In May I had the honour of presenting my “But what about the UI”-talk at µCon London 2019. This is a talk where I explore different patterns and strategies for composing user interfaces in distributed systems, like a microservice architecture. I had a great time delivering the talk - albeit I ran out of time and had to rush through some of the more beefy slides.

You can see the recording, and slides, of the presentation here. Signing up is free, and you get to watch all the other great talks from the conference as well!

Ever since developers started breaking applications into services, be it in the era of SOA or more recently with microservices, they’ve struggled to incorporate user interfaces into their decoupled, distributed architectures.

We’ve all seen frontends versioned separately with tight coupling to dependent services, breaking cohesion. The rise of Backend-For-Frontend is real and so is the emerge of micro frontends. We all talk about composition, yet so many projects fail to implement actual composition. The result seem to be some kind of compromise proving hard to scale when multiple teams are involved - causing lock-step deployment, latency, bottlenecks and coordination issues.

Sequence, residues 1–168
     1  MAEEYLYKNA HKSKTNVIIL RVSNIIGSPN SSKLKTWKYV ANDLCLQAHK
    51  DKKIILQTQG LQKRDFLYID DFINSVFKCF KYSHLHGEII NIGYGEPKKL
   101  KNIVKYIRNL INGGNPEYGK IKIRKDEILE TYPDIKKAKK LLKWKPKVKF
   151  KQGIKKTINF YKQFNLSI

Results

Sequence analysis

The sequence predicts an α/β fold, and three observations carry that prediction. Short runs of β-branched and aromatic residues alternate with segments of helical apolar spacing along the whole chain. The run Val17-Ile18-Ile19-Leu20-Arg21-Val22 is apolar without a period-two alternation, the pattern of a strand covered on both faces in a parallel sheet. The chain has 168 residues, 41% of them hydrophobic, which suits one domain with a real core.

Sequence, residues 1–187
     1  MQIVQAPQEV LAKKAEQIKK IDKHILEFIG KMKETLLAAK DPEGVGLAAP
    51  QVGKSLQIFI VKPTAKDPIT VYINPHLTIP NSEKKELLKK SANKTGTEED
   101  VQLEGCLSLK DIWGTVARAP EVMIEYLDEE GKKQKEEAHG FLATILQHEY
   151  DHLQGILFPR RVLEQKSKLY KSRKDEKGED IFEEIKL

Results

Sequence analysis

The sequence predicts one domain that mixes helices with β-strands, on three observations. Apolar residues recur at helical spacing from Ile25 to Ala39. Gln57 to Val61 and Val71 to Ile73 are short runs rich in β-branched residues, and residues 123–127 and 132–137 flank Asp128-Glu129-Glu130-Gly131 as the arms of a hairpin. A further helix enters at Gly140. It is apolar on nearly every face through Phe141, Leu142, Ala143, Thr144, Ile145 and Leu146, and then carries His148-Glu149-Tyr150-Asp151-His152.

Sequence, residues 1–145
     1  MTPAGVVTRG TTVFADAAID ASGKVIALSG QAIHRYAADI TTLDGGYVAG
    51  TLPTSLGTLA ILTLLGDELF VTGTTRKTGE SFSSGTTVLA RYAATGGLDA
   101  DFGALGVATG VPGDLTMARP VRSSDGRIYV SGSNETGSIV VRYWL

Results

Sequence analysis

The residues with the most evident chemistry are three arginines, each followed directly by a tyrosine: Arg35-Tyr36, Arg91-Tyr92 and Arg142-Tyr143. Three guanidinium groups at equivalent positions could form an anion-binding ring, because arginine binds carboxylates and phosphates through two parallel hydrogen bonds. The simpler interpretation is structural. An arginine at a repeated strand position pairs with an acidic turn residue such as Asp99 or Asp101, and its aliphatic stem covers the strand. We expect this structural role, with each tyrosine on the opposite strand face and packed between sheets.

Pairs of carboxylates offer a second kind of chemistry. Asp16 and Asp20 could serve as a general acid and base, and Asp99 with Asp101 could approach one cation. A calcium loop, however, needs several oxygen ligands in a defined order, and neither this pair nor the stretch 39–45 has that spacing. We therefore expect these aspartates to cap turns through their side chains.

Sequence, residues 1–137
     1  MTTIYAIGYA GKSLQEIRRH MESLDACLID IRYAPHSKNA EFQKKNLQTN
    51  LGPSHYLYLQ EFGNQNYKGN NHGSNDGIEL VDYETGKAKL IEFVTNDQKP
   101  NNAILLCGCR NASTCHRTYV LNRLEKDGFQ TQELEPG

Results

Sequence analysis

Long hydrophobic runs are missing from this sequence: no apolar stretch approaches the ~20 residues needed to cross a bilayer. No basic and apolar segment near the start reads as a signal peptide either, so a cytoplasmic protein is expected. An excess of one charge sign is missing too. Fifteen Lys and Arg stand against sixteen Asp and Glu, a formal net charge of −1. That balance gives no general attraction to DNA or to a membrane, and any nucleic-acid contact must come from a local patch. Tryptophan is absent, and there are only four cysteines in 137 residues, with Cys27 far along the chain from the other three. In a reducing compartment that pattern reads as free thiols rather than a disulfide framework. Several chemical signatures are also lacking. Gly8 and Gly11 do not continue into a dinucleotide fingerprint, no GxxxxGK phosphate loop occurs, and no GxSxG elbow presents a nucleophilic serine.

What if you could find a viable solution that allowed you to scale development, keep distribution and cohesion and also provide composition of user interfaces?

This talk explores the different patterns available, and attempts to pinpoint their pros and cons, effectively serving as guidance to implementing proper composition. Thomas will go beyond the simple “Hello World” example that always seems to work, and you’ll learn patterns in modelling and designing that can actually be employed for composition.

Who am I?

Thomas is a consultant from Norway who specializes in software architecture and development. He’s been a practitioner of Domain-Driven Design for the past 8 years or so and finds great joy in pondering in business problems. Clients and colleagues know him as an energetic and passionate craftsman who loves to learn, experiment, fail and succeed while sharing his own experiences and knowledge. Having worked with too many languages and technologies to mention, Thomas has found the intersection between business and IT to be a far more rewarding approach to problem solving and easing up the everyday work of software development. He’s known for holding workshops and talks for both his clients and at local user groups.


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